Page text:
We had an incredible sighting of one of our resident female cheetahs! These rare and endangered cats are very hard to track. One of the reasons is that they are mostly active by day, so if you spot one in the morning, there is a good chance it will have moved off again by the afternoon. It’s the other way around for lions and leopards, which normally rest during the heat of the day and hunt under cover of darkness. The signs are that this cheetah is pregnant! So we can look forward to seeing some new additions in the very near future. We can only hope that she is successful in rearing her cubs to adulthood as cheetahs have a tough time keeping their young away from larger carnivores.
The lions have finally finished their mating marathon. We had decided to follow up after hearing roaring in the early hours of the morning and it wasn’t long before we tracked them down. Admittedly, they made it fairly easy and lay right in the open next to a dam. As we approached we noticed the male get up and attempt to mount the female, bad idea! The female fought back and after a couple of swipes with her claws the male got the message – she had had enough! It has been longer than 20 days now so you couldn’t really blame her! And hopefully we will get to see some new cubs after about 110 days gestation.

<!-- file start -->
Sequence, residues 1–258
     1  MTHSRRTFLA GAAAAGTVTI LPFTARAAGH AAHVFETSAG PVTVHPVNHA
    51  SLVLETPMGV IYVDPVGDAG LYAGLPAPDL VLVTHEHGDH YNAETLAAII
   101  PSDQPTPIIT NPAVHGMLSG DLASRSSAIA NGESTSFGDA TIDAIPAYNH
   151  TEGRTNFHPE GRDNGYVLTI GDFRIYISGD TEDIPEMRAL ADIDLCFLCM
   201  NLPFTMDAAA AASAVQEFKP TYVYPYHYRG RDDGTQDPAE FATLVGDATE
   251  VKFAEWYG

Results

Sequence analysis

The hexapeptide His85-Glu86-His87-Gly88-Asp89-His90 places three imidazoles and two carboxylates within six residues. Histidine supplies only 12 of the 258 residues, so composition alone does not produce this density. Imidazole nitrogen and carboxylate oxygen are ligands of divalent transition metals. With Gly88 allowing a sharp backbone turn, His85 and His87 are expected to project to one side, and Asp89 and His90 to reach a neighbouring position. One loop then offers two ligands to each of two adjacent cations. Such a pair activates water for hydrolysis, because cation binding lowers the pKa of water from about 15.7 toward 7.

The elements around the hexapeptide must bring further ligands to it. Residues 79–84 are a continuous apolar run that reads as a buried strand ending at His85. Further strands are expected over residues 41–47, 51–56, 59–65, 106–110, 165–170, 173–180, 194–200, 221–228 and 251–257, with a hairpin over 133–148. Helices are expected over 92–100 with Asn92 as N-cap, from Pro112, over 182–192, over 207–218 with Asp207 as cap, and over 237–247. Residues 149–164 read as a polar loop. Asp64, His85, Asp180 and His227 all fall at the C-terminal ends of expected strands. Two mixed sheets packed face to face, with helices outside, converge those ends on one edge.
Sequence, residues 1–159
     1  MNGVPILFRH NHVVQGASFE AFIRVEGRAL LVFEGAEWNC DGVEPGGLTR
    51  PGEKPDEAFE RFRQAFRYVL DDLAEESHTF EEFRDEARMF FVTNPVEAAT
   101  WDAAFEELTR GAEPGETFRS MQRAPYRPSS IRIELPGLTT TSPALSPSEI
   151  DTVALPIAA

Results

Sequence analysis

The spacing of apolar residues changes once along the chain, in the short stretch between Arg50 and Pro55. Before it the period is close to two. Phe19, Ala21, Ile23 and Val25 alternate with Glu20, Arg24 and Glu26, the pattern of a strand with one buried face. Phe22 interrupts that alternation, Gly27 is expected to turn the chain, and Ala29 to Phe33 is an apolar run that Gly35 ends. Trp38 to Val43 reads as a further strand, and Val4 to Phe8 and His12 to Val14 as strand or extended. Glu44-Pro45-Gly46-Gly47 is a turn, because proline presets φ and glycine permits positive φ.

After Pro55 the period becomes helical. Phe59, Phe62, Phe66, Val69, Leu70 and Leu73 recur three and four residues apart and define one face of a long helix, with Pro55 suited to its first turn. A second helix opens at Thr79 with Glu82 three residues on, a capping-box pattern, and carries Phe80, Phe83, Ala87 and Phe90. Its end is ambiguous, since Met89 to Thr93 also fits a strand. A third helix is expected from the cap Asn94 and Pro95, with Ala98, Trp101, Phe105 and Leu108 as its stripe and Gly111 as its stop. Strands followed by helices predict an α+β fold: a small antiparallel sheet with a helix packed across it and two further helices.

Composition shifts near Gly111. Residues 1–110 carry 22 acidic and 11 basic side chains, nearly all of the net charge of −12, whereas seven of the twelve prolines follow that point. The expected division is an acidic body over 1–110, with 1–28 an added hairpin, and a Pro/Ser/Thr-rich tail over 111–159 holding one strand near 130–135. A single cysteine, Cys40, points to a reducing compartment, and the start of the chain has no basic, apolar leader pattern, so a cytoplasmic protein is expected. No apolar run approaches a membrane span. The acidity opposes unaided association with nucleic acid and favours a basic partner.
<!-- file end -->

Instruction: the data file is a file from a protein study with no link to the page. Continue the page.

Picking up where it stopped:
A few days back we noticed the other young male had sustained some painful injuries, probably from fighting over who gets to mate. He obviously lost out and is also missing the end of his tail… and nearly something else too!
We had a close encounter with some old buffalo bulls recently. We had seen them from afar and noticed they were next to the road. As we approached they decided to investigate who/what we were! The one bull got exceptionally close and we managed to get some great photos. These old bulls are often found covered in mud, a practice which has led to their nickname “dagga boys” (dagga = mud).
The theory relating to why they are always coating themselves with mud is that as they age, buffalo lose a lot of hair. This offers less protection from the sun and so they make up for it by rolling in mud – effectively providing some cooling sunscreen! This also has the benefit of covering the ticks in mud too, so when the mud hardens they can rub it off together with the encrusted ticks – clever indeed.